Well as previously mentioned there have been some problems with my youngest at school and it has all come to a head. I can honestly say it has been some of the toughest weeks of my life and I have been in grave distress to see the frustration , anger and unhappiness of my dear one. I have felt a tumult of emotion ranging from depression, anger and despair as I have tried to work out what needs to be done to get him back on track. As a quick overview there have been issues with bullying combined with the struggle with Dyslexia and he has become more and more frustrated and embarrassed with his lack of progress to the point where he was out of control at school and the behaviour was now boiling over at home too. What to do?
After much talking, praying and thinking we have decided for the next couple of weeks and possibly next term to work with him at home to relieve some of the stress on everyone (in particular him)and try and build his confidence and literacy levels to the point that he can enter back into the school system on a firmer base. His current school is working closely with us to provide approved curriculum and support but in the end it may very well mean we are changing schools. This is quite difficult as I have strong emotional ties to the school and I am not as confident in the public school that is closest to us. Due to school zoning it may be tricky to have the option of choosing the school that I feel would support him the best.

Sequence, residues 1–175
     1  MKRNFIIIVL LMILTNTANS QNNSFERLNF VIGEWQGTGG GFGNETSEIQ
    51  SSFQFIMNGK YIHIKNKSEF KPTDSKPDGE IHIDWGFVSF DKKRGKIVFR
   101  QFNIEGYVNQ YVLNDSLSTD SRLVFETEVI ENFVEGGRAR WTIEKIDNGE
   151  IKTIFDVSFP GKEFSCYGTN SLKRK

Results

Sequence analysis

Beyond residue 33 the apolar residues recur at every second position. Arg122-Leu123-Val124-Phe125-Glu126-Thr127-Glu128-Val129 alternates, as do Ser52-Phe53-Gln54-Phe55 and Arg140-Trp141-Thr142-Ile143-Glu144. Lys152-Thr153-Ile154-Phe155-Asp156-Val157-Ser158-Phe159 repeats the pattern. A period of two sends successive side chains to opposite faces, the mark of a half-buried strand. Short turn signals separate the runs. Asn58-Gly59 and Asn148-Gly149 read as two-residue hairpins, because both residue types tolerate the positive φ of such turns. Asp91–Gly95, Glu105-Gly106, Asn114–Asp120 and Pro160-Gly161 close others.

So here I am homeschooling! I never thought I would. Nothing against it but I really didn’t think I would have what it took to do it and always thought that my kids would be better off with ‘real’ teachers, but here I am.
Today was the first day and on the whole I found it quite rewarding. Lachlan was keen, compliant and we probably got more done in half a day than he has done in the past two weeks. The benefit of having one on one help I’m sure is supportive and something else my husband and I have noticed is that Lachlan needs breaks every 15 to 20 minutes to clear his head, something that’s not always possible in a school environment. At the moment we work with him in these short stretches and then have a break where we go for a walk around the block or go have a drink of water etc and he is a lot calmer and able to concentrate better.
I am reminded of my Steiner days when we would incorporate rhythm into the day and expressed it in terms of ‘breathing in’ and ‘breathing out’. Activities that were internalising and required concentration were the in breath and activities that were outward focused and active were the out breath. We are also creating this rhythm in a larger way in the day by doing the more intensive thought work (literacy/maths) in the morning and the more practical work in the afternoon such as building a chicken house and veggie patch, cooking, arts/craft and library work or excursions.
I still have my work commitments so I am doing the academic work with him in the morning and then go to work from 12 to 4. During this time he works on the practical stuff with his dad.
I still feel a little nervous as it is a big challenge but I am quietly hopeful that this will be as educational and positive for me as well as Lachlan. We will have to wait and see I guess but here’s to a calmer happier child and a peaceful family.